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2024’s Small COLA Increase Leaves Seniors Struggling

Written by
Sarah Aitchison
Attorney
November 27, 2023  ·  2 min read
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Seniors relying on Social Security for income can face many financial challenges, especially in times of inflation. Our new research reveals notable dissatisfaction and financial distress among this demographic due to the modest 2024 cost-of-living adjustment (COLA). Here’s a detailed breakdown of our key findings.

Key takeaways

• 62% of seniors collecting Social Security benefits are dissatisfied with the 3.2% cost-of-living adjustment for 2024.

• Nearly 3 in 5 seniors collecting Social Security are struggling financially.

• Nearly 2 in 5 seniors collecting Social Security plan to seek employment due to the modest 2024 COLA increase.

• Only about half of seniors collecting Social Security (52%) are confident in the program’s ability to provide for their long-term needs.

Discontent with COLA increase

Amid the latest COLA change, many seniors currently collecting Social Security are voicing their concerns over the financial challenges they continue to face.

COLA Increase 2024 Sentiment

Key takeaways

• 62% of seniors surveyed are dissatisfied with the 3.2% COLA for 2024. This sentiment is nearly equal among men (63%) and women (62%).

• Almost 60% of seniors already report financial difficulties with their current Social Security benefits.

• 70% of single seniors struggle financially with their existing Social Security income.

• Nearly 40% of seniors plan to find work due to the modest COLA increase, with almost half of single seniors (47%) considering employment to supplement their income.

• Men are 23% more likely than women to seek full-time employment in response to the COLA increase.

Personal accounts of COLA impact

“Utility, insurance, heating, and food costs have risen 8-14% in the last year. The 2024 COLA doesn’t offset these rising costs.” — 65-year-old woman

“While the COLA helps, it’s insufficient against rising costs. We’re resorting to public transport, altering health insurance, and using food banks.” — 74-Year-old man

“My medical insurance supplement nullifies the Social Security increase. The spike in food prices hits hard, especially for those relying solely on Social Security.” — 75-year-old woman

Senior citizens’ responses to financial pressures

The financial picture for seniors is further complicated by their reactions to the pressures discussed above. Next, we gained insights into their coping strategies and concerns.

Senior Reaction to 2024 Cola Increase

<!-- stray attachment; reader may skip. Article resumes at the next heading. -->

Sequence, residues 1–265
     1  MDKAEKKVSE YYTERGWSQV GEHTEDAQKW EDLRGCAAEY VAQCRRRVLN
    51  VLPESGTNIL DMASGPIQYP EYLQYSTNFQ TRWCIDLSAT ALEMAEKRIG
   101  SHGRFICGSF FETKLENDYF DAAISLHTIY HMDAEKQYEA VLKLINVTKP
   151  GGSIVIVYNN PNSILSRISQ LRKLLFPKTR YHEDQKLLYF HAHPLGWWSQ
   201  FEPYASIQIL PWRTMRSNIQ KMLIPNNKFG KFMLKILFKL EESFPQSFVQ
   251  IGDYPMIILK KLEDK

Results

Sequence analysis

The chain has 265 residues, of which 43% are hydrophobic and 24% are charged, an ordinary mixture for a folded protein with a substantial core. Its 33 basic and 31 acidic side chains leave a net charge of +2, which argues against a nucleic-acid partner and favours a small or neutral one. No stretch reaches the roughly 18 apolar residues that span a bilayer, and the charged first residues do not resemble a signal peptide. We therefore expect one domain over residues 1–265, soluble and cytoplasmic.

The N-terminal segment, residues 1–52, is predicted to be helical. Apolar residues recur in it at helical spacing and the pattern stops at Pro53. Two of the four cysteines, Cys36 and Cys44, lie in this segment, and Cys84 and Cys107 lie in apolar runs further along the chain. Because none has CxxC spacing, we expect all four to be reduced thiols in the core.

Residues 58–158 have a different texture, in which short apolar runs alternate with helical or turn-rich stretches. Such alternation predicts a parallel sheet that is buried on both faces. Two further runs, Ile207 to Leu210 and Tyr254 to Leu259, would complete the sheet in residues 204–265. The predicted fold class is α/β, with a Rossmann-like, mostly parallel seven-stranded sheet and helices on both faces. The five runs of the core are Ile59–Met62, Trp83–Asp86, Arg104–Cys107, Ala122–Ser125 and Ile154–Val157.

Key takeaways

• Due to inflation and Social Security benefit changes, seniors collecting Social Security are most likely to reduce discretionary spending (64%), cut back on essential spending (36%), and use community resources or assistance programs (16%).

• Women are 21% more likely than men to utilize community assistance programs in response to inflation and Social Security benefits.

• Only about half of seniors collecting Social Security (52%) are confident in the program’s ability to provide for their long-term needs.

• Seniors’ biggest concerns about the future of social security: 

  • Inadequacy of COLA adjustments to keep up with the actual cost of living (68%)

  • Political decisions affecting the stability and distribution of benefits (62%)

  • The solvency and long-term sustainability of the Social Security program (61%)

  • Reduced benefits due to financial shortfalls (58%)

  • The impact of economic fluctuations on Social Security funds (36%)

  • Changes in eligibility criteria or retirement age (13%)

• How seniors are adjusting their financial and healthcare planning due to the anticipated rise in Medicare premiums:

  • Reducing non-essential or discretionary expenses (36%)

  • Significant budget changes to accommodate higher costs (20%)

  • Exploring alternative healthcare or insurance options (16%)

Financial concerns among seniors

The 2024 COLA increase has illuminated significant financial stress among seniors collecting Social Security, highlighting the widening gap between Social Security benefits and the rising cost of living. These statistics and personal accounts point to a pressing need for more robust measures to support the elderly, especially those who are single or contemplating rejoining the workforce. As seniors navigate these economic challenges, addressing their financial security requires a comprehensive reevaluation of how we support our aging population.

Methodology

To understand how 2024’s 3.2% Social Security COLA affects seniors, we surveyed 402 Americans over age 62 who collect Social Security, examining their reactions, financial strategies, and confidence in the program’s future.

About Atticus

Atticus is a public interest law firm that helps Americans in a crisis secure aid from the government and insurance companies. Through a dedicated team of legal experts and client advocates, we specialize in helping individuals claim their rightful benefits in challenging times.

Fair use statement

We encourage you to share this information for educational and non-commercial purposes. To ensure access to our full findings and methodology, please include a link back to this original article.

Sarah Aitchison

Attorney

Sarah is an attorney at Atticus Law, P.C. Prior to joining Atticus, she was a civil public defender in Brooklyn, NY and a business reporter in Seattle, WA. She is a graduate of the University of Washington School of Law.
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